David Coleman has read a ton of Chaucer, Milton, and Shakespeare. He has earned degrees from Yale, Oxford, and Cambridge. As a lead writer of the common core curriculum standards adopted by all but a handful of states, he has become known as a dynamic—and controversial—reformer.
Now, Mr. Coleman is poised to lead the College Board, one of the most powerful forces in American education. His appointment could bring further changes to the nonprofit organization's best-known product—the SAT—and its wide blanket of other programs.
As the College Board announced on Wednesday, Mr. Coleman will become the nonprofit organization's next president and chief executive officer this October. "This is an extraordinary platform to help achieve some very urgent goals in this country," Mr. Coleman said in an interview. "The College Board is the most effective system we have for working across state lines."
Mr. Coleman, who is 42, is a co-founder of Student Achievement Partners, a nonprofit organization that has helped develop and support the Common Core State Standards, which prescribe what students should learn, in English and math, from kindergarten through high school. Designed to prepare all high-school graduates for college, the standards have ignited debates about teaching, learning, and creativity, not to mention the meaning of "quality."
What Mr. Coleman's tenure at the College Board will mean for its member colleges and high schools, and for millions of students who use the organization's products and services, one can only begin to guess. Right now, it's fair to say that the College Board has made a bold, unconventional choice. Unlike several of his predecessors, Mr. Coleman has not led a university or chaired a department. Nor has he held public office like Gaston Caperton, a two-term Governor of West Virginia, who is stepping down as the organization's president after 13 years.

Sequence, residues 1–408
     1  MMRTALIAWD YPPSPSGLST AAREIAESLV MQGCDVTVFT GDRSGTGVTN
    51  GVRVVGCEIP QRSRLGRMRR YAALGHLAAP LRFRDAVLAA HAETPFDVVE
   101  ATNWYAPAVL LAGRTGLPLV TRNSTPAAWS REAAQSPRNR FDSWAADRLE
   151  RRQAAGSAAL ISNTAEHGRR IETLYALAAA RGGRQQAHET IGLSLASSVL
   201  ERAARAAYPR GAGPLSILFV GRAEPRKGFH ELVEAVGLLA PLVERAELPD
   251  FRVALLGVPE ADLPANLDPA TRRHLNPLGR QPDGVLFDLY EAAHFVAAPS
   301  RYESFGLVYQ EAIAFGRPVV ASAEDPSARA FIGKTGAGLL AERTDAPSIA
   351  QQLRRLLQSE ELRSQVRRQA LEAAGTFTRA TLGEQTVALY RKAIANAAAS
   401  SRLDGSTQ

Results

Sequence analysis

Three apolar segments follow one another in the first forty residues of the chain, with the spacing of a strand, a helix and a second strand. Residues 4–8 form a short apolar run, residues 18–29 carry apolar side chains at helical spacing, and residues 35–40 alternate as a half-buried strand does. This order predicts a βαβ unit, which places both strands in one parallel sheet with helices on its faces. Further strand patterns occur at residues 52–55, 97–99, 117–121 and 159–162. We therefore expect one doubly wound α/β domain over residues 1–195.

By other measures, the College Board's choice seems both shrewd and timely. Over the last decade, the organization has pushed more deeply into the same K-12 terrain where Mr. Coleman has made his name. Under Mr. Caperton, the College Board has expanded its Advanced Placement program, which includes both high-school curricula and exams. It has introduced ReadiStep, an assessment test for middle-school students. And it has developed SpringBoard, "the official pre-AP program" for students in grades 6 through 12.
"We saw new synergy," Lester P. Monts, a former College Board trustee who led the search committee, said of Mr. Coleman. "We need linkages. The College Board's programs and services, the AP and the SAT, these only reach down so far. When you consider that the Common Core reaches all the way down to pre-kindergarten, it just seems to be a linkage that will benefit both K-12 and higher education."
Mr. Monts, who is senior vice provost for academic affairs at the University of Michigan at Ann Arbor, said members of the committee wanted someone with an entrepreneurial spirit like Mr. Caperton. "The ability to take risks," he said, "that is sort of David Coleman's profile."
'Accountable to Evidence'
Mr. Coleman has already said that he hopes to align the SAT with the Common Core standards, which could further alter the identity of an exam that was long ago conceived of as a measure of students' abilities—and not as an achievement test. Moreover, he believes the standards provide a blueprint for helping more students succeed in Advanced Placement courses. "What the Common Core does in combination with the College Board is make it more realistic for us as a society to make sure that a kid's educational life is richer and more rigorous every year," he said, "so there's not this sudden rise in challenge when it comes time to take an examination."
Mr. Coleman also said that he would encourage members to re-examine various aspects of the admissions process, including admissions essays. "Let's look at the fact that some colleges demand two personal statements," he said. "Maybe what they really need is an analytical essay. If an essential requirement of success is to make an argument and write analytically, then why wouldn't the admissions essay ask for that?"
Similar questions may define the future of the SAT's required essay. Mr. Coleman said he would welcome discussion of the essay's shortcomings—and its unintended consequences. For years critics of the SAT essay have lamented that students' scores reflect how they write, but not what they write.
"On the SAT, when kids use examples today, they can use them without being accountable for the evidence they're using," he said. "As kids move on to colleges and careers, you have to be accountable to evidence. Since we've given them no source material, we have to say, 'Wait a minute, what have we done?' We've created this as a performance."